We were also facing the question how to store all these installations. As bringing them back to Europe was very expensive and there was no space for storage, we started looking for a factory for double use where with the proper infrastructure, we would have stored these monstrous installations. Then we would have organised a few unpretentious and humble exhibitions with the idea of highlighting what we thought was interesting. Sometimes people tend to give me and my wife a dimension we do not have. They would love to make heroes out of us, but we are not. We hobbled along, making it through an entire obstacle course until the day I had this moment of madness as Fei Dawei found a space in Beijing. Tom Krens, from the Guggenheim, was also interested, but wanted the Chinese government to pay for it which did not work out so he left. Although Fei Dawei was convinced we would never get the space in the Chaoyang district of the city (now called 798 Art Zone), but we ultimately did. The factory was in dreadful condition, but with the help of architect Jean-Michel Wilmotte, we turned this Bauhaus monument around, keeping its original features for a space that will last forever.


AAN: The museum,  did not have its own collection. Retrospectively, was this the right decision ?

GU: It was the only solution because going beyond contemporary art from China, the area has become extremely broad between the United States, Iceland, Europe and China, with the result that there is contemporary art everywhere. We have tried to keep an unpretentious character with no universal ambition, aiming at showing the Chinese audience a maximum range of things. Had we started a collection, we would have had to consider principles such as whether these works could be sold again. I guess that very quickly people would have followed what we were selling and would have started to wonder about the reasons of such sales.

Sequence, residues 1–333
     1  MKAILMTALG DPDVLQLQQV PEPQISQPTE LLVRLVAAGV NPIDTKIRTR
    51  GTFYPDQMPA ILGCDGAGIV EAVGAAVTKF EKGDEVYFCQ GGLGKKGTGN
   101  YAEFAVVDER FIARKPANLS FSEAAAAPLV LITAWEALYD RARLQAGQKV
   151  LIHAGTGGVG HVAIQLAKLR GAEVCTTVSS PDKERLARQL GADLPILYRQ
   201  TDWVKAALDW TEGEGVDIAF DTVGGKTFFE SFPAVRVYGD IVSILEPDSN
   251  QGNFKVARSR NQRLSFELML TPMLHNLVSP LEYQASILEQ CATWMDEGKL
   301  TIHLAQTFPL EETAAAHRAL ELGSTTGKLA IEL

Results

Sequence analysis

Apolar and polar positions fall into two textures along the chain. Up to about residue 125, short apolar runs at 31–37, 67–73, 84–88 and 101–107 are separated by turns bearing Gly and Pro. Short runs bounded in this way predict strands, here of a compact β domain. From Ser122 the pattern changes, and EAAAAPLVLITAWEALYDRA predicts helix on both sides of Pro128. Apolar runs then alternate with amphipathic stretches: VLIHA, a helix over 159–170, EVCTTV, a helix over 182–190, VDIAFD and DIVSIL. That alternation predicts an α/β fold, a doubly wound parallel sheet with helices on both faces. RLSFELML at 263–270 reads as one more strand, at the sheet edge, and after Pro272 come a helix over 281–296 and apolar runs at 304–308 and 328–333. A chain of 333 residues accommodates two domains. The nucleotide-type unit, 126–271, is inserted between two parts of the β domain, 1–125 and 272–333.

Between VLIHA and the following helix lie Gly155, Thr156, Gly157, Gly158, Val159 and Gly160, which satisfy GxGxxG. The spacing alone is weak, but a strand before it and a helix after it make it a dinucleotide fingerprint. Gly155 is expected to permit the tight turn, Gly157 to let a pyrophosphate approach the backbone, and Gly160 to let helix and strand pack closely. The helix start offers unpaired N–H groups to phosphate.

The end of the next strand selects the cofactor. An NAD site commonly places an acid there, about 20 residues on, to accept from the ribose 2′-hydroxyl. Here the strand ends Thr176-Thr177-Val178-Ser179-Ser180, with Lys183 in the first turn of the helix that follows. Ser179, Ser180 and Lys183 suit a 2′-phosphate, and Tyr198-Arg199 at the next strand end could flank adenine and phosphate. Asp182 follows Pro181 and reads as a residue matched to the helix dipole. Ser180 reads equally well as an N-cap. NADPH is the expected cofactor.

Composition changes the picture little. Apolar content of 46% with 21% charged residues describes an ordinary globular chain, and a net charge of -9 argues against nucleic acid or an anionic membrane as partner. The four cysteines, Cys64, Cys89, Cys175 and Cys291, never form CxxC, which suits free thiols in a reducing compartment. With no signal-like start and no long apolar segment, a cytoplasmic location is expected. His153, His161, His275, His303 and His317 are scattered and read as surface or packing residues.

AAN: As for the legal status of the museum, how did it come about?

GU: Once as I was in Paris, I was invited and introduced to the Chinese Prime Minister. He urged me to meet with his Minister of Culture in Beijing. Upon our meeting, the Minister of Culture clearly stated that he forbid me from setting up a foundation because I would end up depending on his Ministry: the Ministry of Culture and Propaganda. The museum would then have entered an area within which I would not have been able to do anything. Therefore, the message was simple: if I decided to move forward with the museum, he commanded me to become a commercial company. Retrospectively, I am so happy it happened that way! On our side, we went way above budget, and in terms of annual budget, we found ourselves on the same level as any museum
in Europe.


AAN: Before the museum was actually sold in 2017, there was a first attempt at selling it a few years earlier.